The Life of a Guide Dog
January 16, 2019
The job of a guide dog is a very important one. Guide dogs are true service animals who help visually impaired people navigate independently through their daily lives. Have you ever wondered how this partnership works and where these well-trained dogs come from? We are here to give you the complete low down on the life and training of guide dogs.
There are many notable schools that dogs can graduate from to be considered a guide dog. The oldest and most recognizable one in the country is The Seeing Eye. Their New Jersey-based program breeds, raises, and trains dogs for their important work of serving the blind.
The Seeing Eye’s puppies are German Shepherds, Labrador Retrievers, Golden Retrievers, and Golden Labs, bred for good health and disposition. They are raised in an enriching environment that acclimates them to human attention and all the sights, surfaces, and sounds they may encounter. They get trained around everything from mannequins to vacuums. When they are old enough, the puppies move in with volunteers who continue exposing them to real-world experiences, from car-rides and airports.
During their first year, puppies are taught basic commands including leash-training and good manners. When they reach sufficient maturity, it’s time to say goodbye to their puppy-raisers, and off to the next phase of dog school at The Seeing Eye.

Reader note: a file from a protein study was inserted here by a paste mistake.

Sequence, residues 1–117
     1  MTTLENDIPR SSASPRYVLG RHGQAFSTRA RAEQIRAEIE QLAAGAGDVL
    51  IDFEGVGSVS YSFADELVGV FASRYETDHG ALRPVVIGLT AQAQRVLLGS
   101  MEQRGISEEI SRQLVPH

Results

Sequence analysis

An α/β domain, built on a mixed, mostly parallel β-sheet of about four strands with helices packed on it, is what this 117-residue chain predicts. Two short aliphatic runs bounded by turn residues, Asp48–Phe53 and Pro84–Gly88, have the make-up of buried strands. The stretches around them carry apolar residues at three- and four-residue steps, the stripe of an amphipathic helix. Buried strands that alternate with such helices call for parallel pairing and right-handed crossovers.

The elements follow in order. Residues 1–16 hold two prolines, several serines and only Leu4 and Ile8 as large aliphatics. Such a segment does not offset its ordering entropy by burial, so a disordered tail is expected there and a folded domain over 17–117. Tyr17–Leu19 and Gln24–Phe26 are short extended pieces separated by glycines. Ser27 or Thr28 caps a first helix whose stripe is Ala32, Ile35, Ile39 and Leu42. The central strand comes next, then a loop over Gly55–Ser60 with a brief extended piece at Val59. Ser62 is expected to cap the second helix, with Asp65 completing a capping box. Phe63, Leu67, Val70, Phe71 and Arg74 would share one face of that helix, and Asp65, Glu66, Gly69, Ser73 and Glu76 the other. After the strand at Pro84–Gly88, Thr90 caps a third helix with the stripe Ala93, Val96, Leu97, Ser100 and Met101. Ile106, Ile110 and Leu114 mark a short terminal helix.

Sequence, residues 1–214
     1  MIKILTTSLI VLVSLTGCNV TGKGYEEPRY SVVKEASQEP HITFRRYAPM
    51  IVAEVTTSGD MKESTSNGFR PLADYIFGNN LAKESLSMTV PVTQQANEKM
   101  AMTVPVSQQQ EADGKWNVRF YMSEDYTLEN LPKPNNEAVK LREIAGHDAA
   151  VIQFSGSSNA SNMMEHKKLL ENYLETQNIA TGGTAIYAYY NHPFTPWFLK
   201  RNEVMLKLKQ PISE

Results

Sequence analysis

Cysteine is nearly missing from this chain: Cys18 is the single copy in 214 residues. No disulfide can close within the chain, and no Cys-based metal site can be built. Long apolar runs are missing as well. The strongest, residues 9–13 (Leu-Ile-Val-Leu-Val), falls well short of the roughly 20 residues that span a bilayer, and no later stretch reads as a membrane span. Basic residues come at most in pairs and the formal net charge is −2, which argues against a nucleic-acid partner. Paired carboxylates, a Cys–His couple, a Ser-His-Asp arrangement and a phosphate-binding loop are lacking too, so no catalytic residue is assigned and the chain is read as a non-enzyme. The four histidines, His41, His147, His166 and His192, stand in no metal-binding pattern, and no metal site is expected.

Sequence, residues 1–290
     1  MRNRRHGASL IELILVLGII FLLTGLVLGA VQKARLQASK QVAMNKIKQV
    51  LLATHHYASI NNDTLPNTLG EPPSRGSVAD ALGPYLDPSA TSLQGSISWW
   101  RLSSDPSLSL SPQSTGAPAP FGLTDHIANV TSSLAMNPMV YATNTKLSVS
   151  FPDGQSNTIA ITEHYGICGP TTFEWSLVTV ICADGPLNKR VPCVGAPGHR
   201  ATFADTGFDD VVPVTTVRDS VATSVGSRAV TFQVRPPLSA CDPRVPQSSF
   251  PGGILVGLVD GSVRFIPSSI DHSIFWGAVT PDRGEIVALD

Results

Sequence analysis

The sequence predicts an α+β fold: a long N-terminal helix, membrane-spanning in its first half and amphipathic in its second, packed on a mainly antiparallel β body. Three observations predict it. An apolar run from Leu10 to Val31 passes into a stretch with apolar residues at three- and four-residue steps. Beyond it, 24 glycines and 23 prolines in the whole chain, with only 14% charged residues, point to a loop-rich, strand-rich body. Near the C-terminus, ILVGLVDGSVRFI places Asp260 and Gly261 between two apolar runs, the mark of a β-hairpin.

Off to Dog School
At The Seeing Eye puppies receive a physical evaluation and are assigned to a sighted instructor who teaches them to navigate in various real-world environments and obstacle courses. Dogs are taught intelligent disobedience meaning they will ignore commands like “cross the street” when it is unsafe. They learn to guide their instructor around obstacles – at ground level and at human eye-level, and they indicate features such as curbs and steps. After four months, it’s time for some tests.
The instructor wears a blindfold and takes the dog on an advanced course to check their skills, and the dog is tested in the complex environment of New York City to make sure they have the focus and disposition required for the job. If they pass, and about 75% do, it’s time for the final phase – matching them to their new owner. Dogs that don’t make the cut can find work with law enforcement, or may be adopted by their puppy-raiser.
Dog School for Humans
The new Seeing Eye Dog owners, ranging from teenagers to seniors, stay at dog school for a few weeks to bond and train with their new guide dog. Dogs are matched to the owner based on their walking speed, energy level, and personality. Once paired, the human and dog learn to navigate together with the commands the dog knows, like “left”, “right”, and “forward”. Before long, they are a bonded team ready to go out into the world!
The Dog Life
A guide dog will serve their owner for the next eight or nine years, assisting them in daily routines like taking the bus or train to work and going to store. Like all dogs, guide dogs enjoy some playtime, but their primary satisfaction comes from being focused on the job. In their later years, the guide dog will enjoy retirement to the role of pet, and the owner can return to The Seeing Eye or other guide dog schools to be matched with a new guide dog.
It takes a team effort to care for and train guide dogs from puppy to professional, but the benefits of independence and dignity they bring to visually impaired individuals are well worth it. If you’d like to get involved, see if there are guide dog schools near you that need volunteers or donations. It’s a great way to get some puppy-time, as well as the satisfaction of helping others.